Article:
dogri’s daughter | Indian express
Eh raje diyan mandiyan tundiyaan ne? (Are these royal palaces yours?) â, A woman once asked Padma Sachdev this question. It was a hot day and Sachdev, discovering the woman sitting on his terrace, gave him water and pickles with rotis. After the meal, the woman looked up at the palace-like houses across the road and asked her the question that Sachdev took and turned into a piece of poetry that remains one of the critics most. most virulent feudal system which denied basic rights to a majority of the people. Sachdev would write: “Those who blinded meâ¦ the weapons used against us, do they belong to you?
Sachdev, known as the mother of contemporary Dogri literature, died in Mumbai on August 4 at the age of 81. Her first collection of poetry – Meri Kavita Mere Geet, in 1969 – won the Sahitya Akademi Prize in 1971. Introducing the book, on its front page, was a very impressed veteran poet Ramdhari Singh Dinkar. He wrote: “After reading Padma’s poem, I thought I should throw out my pen – because what Padma writes is real poetry.” Sachdev began writing in the village of Purmandal, where she moved with her family after the death of her father, a Sanskrit teacher, in the turmoil of the score. As a young girl, she sang folk songs and secretly added new verses to them on an experimental basis. She attributed the rhythmic quality of her poems to her understanding of Sanskrit chants.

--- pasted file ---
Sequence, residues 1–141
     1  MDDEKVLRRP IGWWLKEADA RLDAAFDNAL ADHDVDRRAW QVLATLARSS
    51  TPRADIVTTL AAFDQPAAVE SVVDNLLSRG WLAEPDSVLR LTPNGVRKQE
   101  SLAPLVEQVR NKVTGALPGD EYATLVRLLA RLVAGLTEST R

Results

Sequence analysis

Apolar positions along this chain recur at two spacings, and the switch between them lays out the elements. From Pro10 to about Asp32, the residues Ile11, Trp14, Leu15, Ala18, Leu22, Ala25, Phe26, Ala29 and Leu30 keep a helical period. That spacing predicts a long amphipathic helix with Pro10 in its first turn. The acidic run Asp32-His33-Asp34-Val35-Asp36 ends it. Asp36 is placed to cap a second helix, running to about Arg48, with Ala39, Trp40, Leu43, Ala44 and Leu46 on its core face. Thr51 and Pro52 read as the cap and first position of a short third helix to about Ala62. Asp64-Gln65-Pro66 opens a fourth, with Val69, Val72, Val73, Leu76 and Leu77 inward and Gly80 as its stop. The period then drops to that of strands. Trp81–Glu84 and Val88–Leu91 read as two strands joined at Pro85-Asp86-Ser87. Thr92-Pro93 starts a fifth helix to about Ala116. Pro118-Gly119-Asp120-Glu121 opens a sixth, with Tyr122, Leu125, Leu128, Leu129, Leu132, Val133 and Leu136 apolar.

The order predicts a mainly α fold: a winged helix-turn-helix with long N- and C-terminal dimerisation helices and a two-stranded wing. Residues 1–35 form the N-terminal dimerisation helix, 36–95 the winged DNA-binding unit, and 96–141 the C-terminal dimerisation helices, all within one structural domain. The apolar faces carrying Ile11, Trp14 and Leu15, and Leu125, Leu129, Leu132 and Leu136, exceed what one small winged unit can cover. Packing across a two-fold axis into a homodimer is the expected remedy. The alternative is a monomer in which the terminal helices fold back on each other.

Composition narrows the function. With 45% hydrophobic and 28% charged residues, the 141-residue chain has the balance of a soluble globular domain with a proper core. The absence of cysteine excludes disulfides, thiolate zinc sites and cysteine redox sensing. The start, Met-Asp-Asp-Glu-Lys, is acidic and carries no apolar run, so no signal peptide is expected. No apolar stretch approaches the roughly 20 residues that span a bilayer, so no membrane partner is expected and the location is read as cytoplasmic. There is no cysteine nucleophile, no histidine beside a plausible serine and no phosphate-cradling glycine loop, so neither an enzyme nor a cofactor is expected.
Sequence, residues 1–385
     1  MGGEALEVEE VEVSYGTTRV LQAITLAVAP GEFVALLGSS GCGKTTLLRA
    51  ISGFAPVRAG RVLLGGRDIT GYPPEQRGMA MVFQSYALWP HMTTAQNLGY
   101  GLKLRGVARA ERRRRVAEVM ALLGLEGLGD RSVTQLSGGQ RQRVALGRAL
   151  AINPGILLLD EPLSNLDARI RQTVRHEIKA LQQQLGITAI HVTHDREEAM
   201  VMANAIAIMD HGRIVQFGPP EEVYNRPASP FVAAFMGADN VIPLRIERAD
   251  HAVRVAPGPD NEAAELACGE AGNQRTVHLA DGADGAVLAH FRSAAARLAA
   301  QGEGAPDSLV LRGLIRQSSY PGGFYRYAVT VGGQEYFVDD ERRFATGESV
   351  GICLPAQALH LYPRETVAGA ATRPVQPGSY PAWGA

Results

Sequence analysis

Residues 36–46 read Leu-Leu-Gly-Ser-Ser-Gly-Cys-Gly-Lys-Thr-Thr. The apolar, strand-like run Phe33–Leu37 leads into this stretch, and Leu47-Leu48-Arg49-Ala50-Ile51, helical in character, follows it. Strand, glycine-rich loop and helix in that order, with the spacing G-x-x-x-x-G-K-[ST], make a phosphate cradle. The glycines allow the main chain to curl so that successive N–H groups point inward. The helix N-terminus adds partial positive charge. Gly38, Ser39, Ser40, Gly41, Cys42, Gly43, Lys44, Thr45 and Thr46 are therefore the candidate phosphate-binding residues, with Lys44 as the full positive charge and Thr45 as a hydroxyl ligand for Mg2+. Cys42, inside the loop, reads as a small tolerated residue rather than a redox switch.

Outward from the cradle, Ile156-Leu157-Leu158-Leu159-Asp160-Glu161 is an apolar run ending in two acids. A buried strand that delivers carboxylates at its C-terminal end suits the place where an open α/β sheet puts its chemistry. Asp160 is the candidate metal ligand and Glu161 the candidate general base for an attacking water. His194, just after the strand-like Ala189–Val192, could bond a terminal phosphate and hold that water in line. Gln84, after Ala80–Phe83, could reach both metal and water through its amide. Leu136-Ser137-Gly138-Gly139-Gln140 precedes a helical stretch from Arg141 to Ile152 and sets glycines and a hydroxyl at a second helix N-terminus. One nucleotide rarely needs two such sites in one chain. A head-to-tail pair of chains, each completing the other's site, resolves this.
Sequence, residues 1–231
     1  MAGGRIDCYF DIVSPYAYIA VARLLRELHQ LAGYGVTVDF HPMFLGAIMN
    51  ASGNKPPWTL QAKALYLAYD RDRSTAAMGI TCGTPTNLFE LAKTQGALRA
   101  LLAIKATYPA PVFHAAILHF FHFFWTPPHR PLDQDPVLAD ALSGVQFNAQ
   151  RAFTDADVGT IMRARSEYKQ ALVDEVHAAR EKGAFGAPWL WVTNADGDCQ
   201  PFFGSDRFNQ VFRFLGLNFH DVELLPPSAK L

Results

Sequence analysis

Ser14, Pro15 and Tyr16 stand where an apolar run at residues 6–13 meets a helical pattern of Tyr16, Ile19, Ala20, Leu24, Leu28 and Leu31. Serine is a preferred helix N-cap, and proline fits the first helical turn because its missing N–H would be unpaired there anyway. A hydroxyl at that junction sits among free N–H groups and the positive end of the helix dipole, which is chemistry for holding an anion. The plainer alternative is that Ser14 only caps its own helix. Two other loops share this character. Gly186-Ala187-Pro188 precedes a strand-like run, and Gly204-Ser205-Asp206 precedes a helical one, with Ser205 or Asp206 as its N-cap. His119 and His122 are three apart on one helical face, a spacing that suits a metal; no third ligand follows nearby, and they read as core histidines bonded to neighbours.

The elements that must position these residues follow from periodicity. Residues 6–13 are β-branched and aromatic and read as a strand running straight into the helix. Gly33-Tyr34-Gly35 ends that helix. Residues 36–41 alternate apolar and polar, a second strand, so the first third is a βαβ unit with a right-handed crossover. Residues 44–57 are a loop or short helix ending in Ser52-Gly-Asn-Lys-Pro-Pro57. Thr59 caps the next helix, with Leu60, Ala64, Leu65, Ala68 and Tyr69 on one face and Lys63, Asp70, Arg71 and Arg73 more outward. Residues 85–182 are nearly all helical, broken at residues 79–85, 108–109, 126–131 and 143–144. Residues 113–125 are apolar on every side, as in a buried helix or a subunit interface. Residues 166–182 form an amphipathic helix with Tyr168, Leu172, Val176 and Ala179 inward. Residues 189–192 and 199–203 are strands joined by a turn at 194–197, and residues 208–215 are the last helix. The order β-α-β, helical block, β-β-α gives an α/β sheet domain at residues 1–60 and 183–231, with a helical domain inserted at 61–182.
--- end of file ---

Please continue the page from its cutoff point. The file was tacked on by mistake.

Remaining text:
Moving to Mumbai, she spent time with Dharamvir Bharati, Amritlal Nagar, Harivanshrai Bachchan, Amrita Pritam, Ismat Chughtai, Ali Sardar Jafri and Gulzar, among others. Poetry was shared, thoughts polished and horizons broadened. The result was female-centric prose and poetry. She received the Padma Shri in 2001. She realized that it was necessary to write in Dogri, her mother tongue and a language that needed her even more than Hindi. In her interviews, she often said: âPeople call me the mother of contemporary Dogri literature. I would only like to remain his daughter.